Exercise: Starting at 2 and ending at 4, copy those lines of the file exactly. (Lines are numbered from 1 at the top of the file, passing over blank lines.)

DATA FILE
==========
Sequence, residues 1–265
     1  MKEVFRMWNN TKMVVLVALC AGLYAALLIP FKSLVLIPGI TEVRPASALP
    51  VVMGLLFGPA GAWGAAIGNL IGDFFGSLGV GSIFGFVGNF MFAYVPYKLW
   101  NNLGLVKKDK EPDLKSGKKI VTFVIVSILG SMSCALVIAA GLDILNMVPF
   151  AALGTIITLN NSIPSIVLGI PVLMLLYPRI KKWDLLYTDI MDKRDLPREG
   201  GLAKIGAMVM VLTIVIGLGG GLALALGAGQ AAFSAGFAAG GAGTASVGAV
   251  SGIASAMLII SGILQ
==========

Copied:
     1  MKEVFRMWNN TKMVVLVALC AGLYAALLIP FKSLVLIPGI TEVRPASALP
    51  VVMGLLFGPA GAWGAAIGNL IGDFFGSLGV GSIFGFVGNF MFAYVPYKLW
   101  NNLGLVKKDK EPDLKSGKKI VTFVIVSILG SMSCALVIAA GLDILNMVPF